Many manufacturing companies that maintain museums about the manufacture of products in the past have examples of manual transmissions that helped make gears before the gears of the 19th century and earlier. Along with these fully manual gear hobs, examples of some of the first semi-automatic gear hobs are shown, and finally examples of newer technologies that demonstrate the fully automatic process that modern gear hobs use to make gears today. Some gear hobs manufacturers also have interesting literature on the history of gear hobs, including details of how modern gear hobs can produce thousands of gears in an hour.
- American Society for Metals; Cubberly, William H .; Bardes, Bruce P. (1978), Metals Handbook: Machining, 16(9th, illustrated edition), ASM International, ISBN 978-0-87170-007-0 .
- Degarmo, E. Paul; Black, J T .; Kohser, Ronald A. (2003), Materials and Processes in Manufacturing (9th ed.), Wiley, ISBN 0-471-65653-4 .
- Drozda, Tom; Wick, Charles; Benedict, John T .; Veilleux, Raymond F .; Society of Manufacturing Engineers; Bakerjian, Ramon (1983), Tool and Manufacturing Engineer's Handbook: Machining, 1(4th, illustrated edition), Society of Manufacturing Engineers, ISBN 978-0-87263-085-7 .
- Endoy, Robert (1990), Planing, Shaping, and Shaving Gears (Illustrated Edition), Society of Manufacturing Engineers, ISBN 978-0-87263-383-4 .
- Jones, Franklin D. (1964) Machine Shop Training Course (5th Illustrated Edition), Industrial Press Inc., ISBN 978-0-8311-1040-6 .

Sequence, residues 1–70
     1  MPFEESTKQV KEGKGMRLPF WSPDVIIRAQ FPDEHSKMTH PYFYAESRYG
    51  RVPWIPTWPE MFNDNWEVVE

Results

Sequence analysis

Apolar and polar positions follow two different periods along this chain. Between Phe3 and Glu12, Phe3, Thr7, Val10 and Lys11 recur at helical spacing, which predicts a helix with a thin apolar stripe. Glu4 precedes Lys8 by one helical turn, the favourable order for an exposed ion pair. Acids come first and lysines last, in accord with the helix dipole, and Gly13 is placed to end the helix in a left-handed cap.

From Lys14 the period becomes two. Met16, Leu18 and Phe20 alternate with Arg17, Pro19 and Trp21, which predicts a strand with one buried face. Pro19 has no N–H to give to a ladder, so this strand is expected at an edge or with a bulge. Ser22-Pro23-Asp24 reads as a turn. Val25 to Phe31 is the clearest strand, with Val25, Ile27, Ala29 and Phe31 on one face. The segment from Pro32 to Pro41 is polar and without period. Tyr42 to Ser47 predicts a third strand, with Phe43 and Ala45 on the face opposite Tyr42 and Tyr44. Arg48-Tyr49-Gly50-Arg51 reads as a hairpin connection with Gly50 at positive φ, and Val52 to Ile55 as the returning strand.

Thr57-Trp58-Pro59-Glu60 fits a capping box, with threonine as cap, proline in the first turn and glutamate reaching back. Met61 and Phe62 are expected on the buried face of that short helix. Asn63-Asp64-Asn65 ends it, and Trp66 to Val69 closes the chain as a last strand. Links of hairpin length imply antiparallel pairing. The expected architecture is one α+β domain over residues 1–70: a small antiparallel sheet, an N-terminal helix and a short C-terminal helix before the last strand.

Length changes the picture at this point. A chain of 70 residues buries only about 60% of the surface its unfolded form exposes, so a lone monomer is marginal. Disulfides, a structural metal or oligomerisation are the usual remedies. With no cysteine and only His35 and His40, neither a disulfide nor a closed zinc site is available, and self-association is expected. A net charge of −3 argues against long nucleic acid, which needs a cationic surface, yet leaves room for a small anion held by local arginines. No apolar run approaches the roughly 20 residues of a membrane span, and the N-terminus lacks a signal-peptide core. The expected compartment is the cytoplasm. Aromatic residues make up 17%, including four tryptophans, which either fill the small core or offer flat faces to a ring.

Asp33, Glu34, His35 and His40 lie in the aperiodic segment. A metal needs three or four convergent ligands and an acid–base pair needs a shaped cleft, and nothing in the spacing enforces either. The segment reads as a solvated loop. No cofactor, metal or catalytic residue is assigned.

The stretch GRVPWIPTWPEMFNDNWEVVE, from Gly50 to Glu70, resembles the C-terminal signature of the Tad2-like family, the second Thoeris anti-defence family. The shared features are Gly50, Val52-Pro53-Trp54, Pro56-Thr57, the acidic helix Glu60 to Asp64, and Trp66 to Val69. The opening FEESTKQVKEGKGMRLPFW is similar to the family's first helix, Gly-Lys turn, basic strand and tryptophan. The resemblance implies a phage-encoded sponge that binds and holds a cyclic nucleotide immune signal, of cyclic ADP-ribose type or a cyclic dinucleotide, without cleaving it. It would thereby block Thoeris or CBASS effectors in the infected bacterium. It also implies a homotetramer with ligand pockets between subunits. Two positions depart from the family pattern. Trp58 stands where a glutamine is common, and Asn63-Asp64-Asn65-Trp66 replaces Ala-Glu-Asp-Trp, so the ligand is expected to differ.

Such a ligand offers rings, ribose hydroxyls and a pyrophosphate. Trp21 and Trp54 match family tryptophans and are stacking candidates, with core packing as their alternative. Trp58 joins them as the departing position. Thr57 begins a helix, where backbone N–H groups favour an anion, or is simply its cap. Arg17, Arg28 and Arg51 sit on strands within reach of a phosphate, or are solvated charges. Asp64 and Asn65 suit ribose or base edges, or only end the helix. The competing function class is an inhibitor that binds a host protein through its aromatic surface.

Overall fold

- Todd, Robert H .; Allen, Dell K .; Alting, Leo (1994), Reference Manual for Manufacturing Processes, Industrial Press Inc., ISBN 0-8311-3049-0 .
- Burstall, Aubrey F. (1965), A History of Mechanical Engineering, MIT Press, ISBN 0-262-52001-X, LCCN 65-10278 . On p. 303, "The hobbing process conceived by Christian Schiele in 1856 became a practical process for production as soon as involute gears replaced the cycloid type in the 1880s, since the involute hob, like the involute frame, has straight sides (z The worm is a shape of a Continuous frame. To turn a worm into a hob, all you have to do is drive a few teeth into the worm so that the blank is cut off when it is turned. "
- GB 185702896, Schiele, Christian, "Machines for Cutting Nuts, Bolts and Gears", published December 6, 1856, published June 5, 1857; Patent not found on eSpaceNet prior to 1890 (see British Library Notes); See reprint from Google Books with sheets 1 and 2 missing.
- Woodbury, Robert S. (1958), History of the Gear Cutting Machine: A Historical Study of Geometry and Machines, MIT Press, OCLC 1689960 . On p. 105, "But it had been recognized that the worm was a shape of a continuous rack and all that was necessary to cut gears with it was to put cutting edges on it - to make a hob (Fig. 45). Teeth were from probably first cut this method by Ramsden in 1768. "
- Woodbury, Robert S. (1972), "History of the Gear Cutting Machine." Studies in the History of Machine Tools, Cambridge, Massachusetts: MIT Press, ISBN 978-0-262-73033-4, LCCN 72006354, OCLC 609185
- Gimpert, Dennis (January 1994), "The Gear Hobbing Process" (PDF), Gear Technology, 11 (1): 38–44 . Contains circuit diagrams of the hobbing machines in Figures 8-10.